Pending Legislation:

S.1021 – Next Generation Cooperative Threat Reduction Act of 2013

I oppose reforming current nuclear threat reduction policy and wish to defeat S.1021

I support directing the President to establish a multi-year comprehensive regional assistance strategy to coordinate and advance the Cooperative Threat Reduction program (CTR) and related nonproliferation efforts in the Middle East and North Africa; authorizing 2014-2019 appropriations for the relevant executive agencies to implement such a Strategy, and wish to pass S.1021

 Posted by at 12:00 am
Jan 152015
 

The Comprehensive Test Ban Treaty (CTBT) is a multilateral agreement that would ban explosive nuclear tests above or below the Earth’s surface. President Clinton signed the CTBT in 1996 but our Senate failed to ratify it. The CTBT has achieved near universal adherence but it has not entered into force due to the non-ratification of eight nations. Some of these nations such as India have indicated they would sign the treaty after we do. If enacted, the CTBT would force nuclear-ambitious nations to either risk deploying untested weapons, or incur international condemnation and reprisals by conducting tests in violation of the treaty. CTBT would also hinder nations from confirming the performance of advanced nuclear weapon designs. Opponents say CTBT enforcement would be difficult and that nations could easily cheat. They also claim our nuclear stockpile would not be safe or reliable without testing. Supporters disagree, saying CTBT includes provisions to verify whether a nation has tested a nuclear device. This verification consists of GPS satellite surveillance and 337 worldwide monitoring stations, 260 of which have already been certified. They also say sophisticated computer models can ascertain the performance of newly-designed nukes without actually exploding them. They claim the Comprehensive Test Ban Treaty would constrain regional arms races in the years and decades to come. They add that, after more than five decades of talks, it is time to finally ban the testing of nuclear weapons.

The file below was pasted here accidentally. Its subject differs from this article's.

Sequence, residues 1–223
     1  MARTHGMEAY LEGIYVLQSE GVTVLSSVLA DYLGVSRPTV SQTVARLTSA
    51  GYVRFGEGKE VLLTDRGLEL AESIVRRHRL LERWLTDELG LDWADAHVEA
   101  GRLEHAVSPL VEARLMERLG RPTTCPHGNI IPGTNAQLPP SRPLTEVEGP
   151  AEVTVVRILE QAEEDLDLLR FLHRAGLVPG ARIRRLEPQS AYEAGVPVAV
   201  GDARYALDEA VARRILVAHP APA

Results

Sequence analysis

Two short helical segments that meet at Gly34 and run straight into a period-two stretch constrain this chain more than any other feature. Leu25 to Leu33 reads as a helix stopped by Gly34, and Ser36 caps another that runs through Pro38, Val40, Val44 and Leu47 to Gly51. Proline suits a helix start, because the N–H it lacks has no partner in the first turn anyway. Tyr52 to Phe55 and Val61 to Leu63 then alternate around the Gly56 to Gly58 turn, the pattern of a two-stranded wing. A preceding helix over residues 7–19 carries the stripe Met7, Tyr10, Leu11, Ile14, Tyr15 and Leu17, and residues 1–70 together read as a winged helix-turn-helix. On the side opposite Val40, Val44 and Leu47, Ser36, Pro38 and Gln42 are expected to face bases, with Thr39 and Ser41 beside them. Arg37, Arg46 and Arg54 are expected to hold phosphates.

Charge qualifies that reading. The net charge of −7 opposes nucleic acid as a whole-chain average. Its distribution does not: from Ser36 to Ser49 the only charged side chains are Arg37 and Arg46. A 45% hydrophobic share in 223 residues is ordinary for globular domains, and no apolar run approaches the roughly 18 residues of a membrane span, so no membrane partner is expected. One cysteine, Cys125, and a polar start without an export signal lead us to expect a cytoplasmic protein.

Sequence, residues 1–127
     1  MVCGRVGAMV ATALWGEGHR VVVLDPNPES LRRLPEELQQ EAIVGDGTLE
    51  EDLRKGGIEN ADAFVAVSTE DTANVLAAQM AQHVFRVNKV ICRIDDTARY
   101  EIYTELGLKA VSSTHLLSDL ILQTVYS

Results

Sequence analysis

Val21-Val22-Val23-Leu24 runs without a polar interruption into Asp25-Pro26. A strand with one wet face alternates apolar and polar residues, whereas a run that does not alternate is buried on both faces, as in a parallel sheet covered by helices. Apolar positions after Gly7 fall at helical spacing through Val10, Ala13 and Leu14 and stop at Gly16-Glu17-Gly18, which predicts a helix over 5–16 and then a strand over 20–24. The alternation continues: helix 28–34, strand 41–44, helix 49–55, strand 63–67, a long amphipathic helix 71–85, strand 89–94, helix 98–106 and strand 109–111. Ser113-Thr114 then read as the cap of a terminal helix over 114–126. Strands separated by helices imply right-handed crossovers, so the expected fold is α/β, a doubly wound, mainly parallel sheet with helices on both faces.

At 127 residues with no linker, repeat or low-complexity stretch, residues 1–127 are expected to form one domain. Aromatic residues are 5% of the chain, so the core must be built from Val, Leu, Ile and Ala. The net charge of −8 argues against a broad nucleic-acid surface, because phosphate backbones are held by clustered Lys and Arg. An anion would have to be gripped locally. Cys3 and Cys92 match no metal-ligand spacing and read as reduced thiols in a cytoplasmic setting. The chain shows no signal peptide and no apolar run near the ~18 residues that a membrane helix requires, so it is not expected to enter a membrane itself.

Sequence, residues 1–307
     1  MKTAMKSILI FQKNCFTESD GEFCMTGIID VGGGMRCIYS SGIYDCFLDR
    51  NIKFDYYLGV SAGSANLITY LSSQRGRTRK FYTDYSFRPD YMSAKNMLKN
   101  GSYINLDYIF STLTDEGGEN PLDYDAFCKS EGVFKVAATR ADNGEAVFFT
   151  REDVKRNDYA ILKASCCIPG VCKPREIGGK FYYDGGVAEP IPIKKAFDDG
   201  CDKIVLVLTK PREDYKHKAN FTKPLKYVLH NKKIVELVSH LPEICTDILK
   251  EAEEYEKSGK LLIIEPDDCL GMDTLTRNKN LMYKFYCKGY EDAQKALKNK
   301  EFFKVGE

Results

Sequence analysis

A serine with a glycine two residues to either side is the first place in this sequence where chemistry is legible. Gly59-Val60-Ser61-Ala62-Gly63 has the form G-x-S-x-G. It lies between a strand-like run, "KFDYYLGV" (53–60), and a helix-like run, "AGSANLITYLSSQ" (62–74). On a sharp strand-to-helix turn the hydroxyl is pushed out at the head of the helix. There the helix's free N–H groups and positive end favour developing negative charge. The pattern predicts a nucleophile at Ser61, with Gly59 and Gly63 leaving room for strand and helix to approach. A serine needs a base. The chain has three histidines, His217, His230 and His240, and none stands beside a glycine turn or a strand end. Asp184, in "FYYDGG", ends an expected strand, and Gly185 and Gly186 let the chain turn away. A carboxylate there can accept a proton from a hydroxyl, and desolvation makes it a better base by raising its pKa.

The 1972 Anti-Ballistic Missile (ABM) Treaty was an agreement between our nation and the former Soviet Union which prohibited the development and deployment of anti-ballistic missile (ABM) systems. When unilaterally withdrawing from this treaty with Russia in 2001, President Bush said “I have concluded the ABM treaty hinders our government’s ability to develop ways to protect our people from future terrorist or rogue state missile attacks.” It is likely he was talking about North Korea which has nearly developed the capability to strike our mainland with an ICBM. After more than 10 years, Russia still strongly opposes our intention to develop a missile defense system. ABM Treaty supporters claim an anti-missile system will demolish our policy of détente -assuming it is still relevant. They say the purpose of this treaty was to prevent a country from using an anti-missile system to shield itself after launching a preemptive attack on another nation. ABM critics say deploying such a system could encourage a first strike from a nation without one. Russia and China have threatened a renewed arms race if we proceed with an anti-ballistic missile system.

Pending Legislation: None

I oppose reforming current nuclear treaties policy

I support identifying a senator who will sponsor a bill to ratify the Comprehensive Test Ban Treaty

I support identifying a legislator who will sponsor a bill to reinstate the Anti-Ballistic Missile Treaty with Russia

 Posted by at 12:00 am